Teaching Philosophy


The best learning comes from within; the best teachers are those who inspire in their students a desire to learn more.


Not everyone learns in exactly the same fashion, and for this reason I have collected as many methods as possible of explaining mathematical (and scientific) principles and/or techniques. In trying to clarify a difficult point for a student, I will usually offer three or four different ways to look at a problem, telling them to pick one they are comfortable with. I also encourage students to work together, as teamwork is essential for their success in life.

As much as possible, I try to point out interesting consequences of the principles I am teaching, or interesting {\em unsolved\/} problems; I feel it is important for everyone to realize that no branch of knowledge is complete.

Moreover, I try to emphasize that no branch of knowledge exists in isolation; I often point out the links between the various branches of knowledge, showing that they are all part of a great, interconnected whole. For this, I draw upon my broad background in both the sciences and the humanities.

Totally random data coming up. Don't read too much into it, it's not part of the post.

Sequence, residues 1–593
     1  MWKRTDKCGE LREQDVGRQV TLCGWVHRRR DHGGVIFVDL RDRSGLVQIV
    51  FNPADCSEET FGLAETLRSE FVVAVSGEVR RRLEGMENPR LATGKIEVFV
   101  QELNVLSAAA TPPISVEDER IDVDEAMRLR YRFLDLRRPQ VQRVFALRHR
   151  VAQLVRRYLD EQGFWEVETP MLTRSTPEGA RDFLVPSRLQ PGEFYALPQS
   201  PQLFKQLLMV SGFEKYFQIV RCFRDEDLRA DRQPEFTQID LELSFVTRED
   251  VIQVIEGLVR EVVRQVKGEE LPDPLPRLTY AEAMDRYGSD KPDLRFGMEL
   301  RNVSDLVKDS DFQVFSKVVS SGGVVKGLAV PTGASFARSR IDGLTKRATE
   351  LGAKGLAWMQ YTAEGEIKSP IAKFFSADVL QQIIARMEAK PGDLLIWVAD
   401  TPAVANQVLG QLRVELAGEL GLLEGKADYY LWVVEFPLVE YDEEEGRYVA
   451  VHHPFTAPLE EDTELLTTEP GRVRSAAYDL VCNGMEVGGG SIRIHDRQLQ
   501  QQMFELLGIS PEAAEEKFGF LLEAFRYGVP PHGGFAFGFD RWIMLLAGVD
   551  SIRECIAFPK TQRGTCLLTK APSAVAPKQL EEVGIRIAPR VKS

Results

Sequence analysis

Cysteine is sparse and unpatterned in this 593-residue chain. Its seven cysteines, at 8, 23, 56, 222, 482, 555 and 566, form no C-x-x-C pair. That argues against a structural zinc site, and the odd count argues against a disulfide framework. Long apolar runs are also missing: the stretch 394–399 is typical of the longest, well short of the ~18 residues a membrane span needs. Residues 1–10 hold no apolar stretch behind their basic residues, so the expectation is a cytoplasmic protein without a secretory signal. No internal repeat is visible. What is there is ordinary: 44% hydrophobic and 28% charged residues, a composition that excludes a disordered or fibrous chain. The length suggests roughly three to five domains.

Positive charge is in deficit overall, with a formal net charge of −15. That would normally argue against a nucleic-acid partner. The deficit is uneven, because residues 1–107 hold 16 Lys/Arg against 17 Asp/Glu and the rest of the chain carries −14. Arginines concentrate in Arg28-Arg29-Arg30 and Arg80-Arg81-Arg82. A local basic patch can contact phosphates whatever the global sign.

The computerization of everyday life is a fact that educators, particularly in mathematics, must deal with. I feel there are "computer things", which computers do well (such as determining averages and standard deviations), and "people things", which people do well (such as determining whether or not a particular mean is significant). It is my philosophy that while people should know the principles behind ``computer things'', human beings should not compete with a computer, but rather try to emphasize those things that only a human mind can accomplish.

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